Foreclosure: What to expect in Illinois - Defending a foreclosure

Posted about 4 years ago. Applies to Illinois, 4 helpful votes

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I have three strategies for helping clients who are in foreclosure: (1) Defend; (2) Buy time; or (3) Give up.

Here is what to expect if you are going to defend:

Lenders made many mistakes in their loan packages in the mid 2000 aughts. It is therefore worthwhile to check every document connected to the transaction.

Generally, a lender will not file a foreclosure unless you are more than 90 days delinquent. There is a statutory requirement that you be given notice of your delinquency and alternatives which might prevent a foreclosure from completing. Those include sale of your property, a forebearance agreement, short sale and loan modification. (Those strategies will not be discussed here)

After the filing of the case, the lender has 30 days within which to get you served with the Court documents. In the event that they don't get you served, they can continue to try again. If it becomes clear that you are dodging service, they can ask the Court for authority to serve you by publishing notice in a local newspaper that your property is in foreclosure.

Once you are served, you have 30 days within which to respond. If you do not, the Court, generally, will allow you to file your response late.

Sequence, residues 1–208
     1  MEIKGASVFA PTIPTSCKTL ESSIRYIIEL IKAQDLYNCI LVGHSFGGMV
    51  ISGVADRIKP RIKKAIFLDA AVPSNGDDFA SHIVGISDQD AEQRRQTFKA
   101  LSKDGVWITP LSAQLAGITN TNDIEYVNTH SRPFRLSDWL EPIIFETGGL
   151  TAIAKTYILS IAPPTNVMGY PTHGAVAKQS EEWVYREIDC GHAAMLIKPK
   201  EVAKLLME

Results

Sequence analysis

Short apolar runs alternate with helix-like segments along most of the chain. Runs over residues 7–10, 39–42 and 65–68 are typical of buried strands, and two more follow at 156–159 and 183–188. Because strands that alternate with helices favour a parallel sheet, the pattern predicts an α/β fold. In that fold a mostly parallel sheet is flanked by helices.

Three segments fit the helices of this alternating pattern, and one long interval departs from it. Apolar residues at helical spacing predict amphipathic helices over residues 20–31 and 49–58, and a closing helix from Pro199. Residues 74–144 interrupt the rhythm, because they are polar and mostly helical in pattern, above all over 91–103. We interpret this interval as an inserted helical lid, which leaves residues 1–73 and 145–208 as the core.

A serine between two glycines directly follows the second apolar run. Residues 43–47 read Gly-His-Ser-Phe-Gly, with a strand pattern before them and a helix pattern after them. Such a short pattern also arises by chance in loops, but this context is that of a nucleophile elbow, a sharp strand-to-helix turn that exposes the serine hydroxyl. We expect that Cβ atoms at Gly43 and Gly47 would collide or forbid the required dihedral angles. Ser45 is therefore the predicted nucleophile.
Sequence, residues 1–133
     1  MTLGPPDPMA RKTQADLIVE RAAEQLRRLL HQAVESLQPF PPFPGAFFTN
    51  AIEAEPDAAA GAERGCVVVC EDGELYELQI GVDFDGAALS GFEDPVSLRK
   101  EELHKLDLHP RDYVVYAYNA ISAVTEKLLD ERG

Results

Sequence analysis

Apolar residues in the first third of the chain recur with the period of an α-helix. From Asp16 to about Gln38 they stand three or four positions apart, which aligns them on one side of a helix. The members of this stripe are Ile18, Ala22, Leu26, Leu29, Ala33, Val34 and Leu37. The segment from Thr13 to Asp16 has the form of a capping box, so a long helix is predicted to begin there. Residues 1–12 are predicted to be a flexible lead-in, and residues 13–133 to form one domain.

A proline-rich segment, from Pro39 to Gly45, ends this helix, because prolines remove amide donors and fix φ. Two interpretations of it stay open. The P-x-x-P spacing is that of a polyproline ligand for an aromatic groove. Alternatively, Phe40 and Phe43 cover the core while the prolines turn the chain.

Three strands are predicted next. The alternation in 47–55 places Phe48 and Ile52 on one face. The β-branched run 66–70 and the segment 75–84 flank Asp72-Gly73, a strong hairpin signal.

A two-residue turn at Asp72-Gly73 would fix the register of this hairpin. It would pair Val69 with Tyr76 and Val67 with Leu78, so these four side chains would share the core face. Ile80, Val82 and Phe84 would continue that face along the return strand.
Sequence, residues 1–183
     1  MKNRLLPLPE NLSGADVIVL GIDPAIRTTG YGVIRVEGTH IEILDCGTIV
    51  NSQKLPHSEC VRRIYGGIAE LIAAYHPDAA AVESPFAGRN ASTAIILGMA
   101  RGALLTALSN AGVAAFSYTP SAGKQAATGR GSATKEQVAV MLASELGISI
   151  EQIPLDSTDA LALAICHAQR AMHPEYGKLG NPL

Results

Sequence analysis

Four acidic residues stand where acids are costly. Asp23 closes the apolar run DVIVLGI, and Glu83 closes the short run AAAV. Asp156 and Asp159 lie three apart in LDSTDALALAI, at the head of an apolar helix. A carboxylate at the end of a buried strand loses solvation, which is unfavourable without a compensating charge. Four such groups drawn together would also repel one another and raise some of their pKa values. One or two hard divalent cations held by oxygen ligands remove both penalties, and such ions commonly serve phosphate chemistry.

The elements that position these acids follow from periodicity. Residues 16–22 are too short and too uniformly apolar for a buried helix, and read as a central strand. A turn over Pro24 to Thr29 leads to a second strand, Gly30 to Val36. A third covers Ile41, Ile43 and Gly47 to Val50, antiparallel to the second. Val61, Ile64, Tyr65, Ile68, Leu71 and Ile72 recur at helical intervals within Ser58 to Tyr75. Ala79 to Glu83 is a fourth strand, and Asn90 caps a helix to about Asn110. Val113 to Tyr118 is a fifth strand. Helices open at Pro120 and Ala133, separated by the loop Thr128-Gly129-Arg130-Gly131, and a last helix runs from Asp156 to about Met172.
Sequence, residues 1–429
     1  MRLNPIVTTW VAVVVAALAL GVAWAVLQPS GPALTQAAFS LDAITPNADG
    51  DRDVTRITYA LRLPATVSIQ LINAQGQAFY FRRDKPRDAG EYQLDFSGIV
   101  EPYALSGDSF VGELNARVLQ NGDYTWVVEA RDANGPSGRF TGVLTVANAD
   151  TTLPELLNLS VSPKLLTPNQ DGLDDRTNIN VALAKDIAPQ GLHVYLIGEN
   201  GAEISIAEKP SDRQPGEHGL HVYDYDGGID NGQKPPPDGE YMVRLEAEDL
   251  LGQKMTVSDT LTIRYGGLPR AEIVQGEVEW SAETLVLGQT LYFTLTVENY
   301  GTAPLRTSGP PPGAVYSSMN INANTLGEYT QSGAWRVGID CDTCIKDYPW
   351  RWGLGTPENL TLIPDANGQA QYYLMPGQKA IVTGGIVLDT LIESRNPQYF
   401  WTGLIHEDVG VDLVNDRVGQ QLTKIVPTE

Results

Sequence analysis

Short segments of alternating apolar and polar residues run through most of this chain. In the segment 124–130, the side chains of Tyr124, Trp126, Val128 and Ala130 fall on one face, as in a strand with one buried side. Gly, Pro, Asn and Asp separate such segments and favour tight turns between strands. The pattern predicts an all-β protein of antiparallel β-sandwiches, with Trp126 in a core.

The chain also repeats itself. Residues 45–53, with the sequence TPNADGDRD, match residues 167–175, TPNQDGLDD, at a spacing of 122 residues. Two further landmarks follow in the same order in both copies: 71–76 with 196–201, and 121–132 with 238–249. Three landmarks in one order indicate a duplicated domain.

It is critical that in the foreclosure process you look at all of the documents related to closing - or to have your lawyer do so. This is where errors in the loan documents might be caught. There are currently numerous defenses to foreclosure, but whether your case allows for a defense can only be determined on the basis of your documents. (Defenses will be discussed in a separate Legal Guide)

Generally within 30 to 60 days of your filing a response the lender will move for Summary Judgment, if a valid defense has not been raised.

Once Judgment is entered, it will be approximately 90 days before the property will be put up for Sheriff's Sale.

Once the Sheriff's Sale occurs, the Lender needs to have the sale approved by the Court. That usually happens 14 to 30 days after the Sale. At that time they will also ask for possession of the property. The Court will generally give 30 to 60 days to the Defendants to vacate. (Eviction proceedings will be discussed separately).

From the time you stop paying your mortgage until the time possession is granted is about a year.

Additional Resources

See: Illinois 735 ILCS 5/ Code of Civil Procedure. Article XV - Mortgage Foreclosure Also (765 ILCS 940/) Illinois Mortgage Rescue Fraud Act. Also TITLE 15 CHAPTER 41 SUBCHAPTER V— FAIR DEBT COLLECTION PRACTICES ACT * § 1692 et seq.

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